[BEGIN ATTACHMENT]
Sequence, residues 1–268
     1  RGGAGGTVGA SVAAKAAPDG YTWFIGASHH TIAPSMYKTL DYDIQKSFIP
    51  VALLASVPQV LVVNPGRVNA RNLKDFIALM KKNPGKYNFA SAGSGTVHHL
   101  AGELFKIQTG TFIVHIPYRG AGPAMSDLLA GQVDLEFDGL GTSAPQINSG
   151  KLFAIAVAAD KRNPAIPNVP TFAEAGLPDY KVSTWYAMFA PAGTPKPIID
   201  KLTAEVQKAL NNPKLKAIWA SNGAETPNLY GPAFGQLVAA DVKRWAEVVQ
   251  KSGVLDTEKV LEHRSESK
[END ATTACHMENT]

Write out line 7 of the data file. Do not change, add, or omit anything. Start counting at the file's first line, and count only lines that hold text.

   251  KSGVLDTEKV LEHRSESK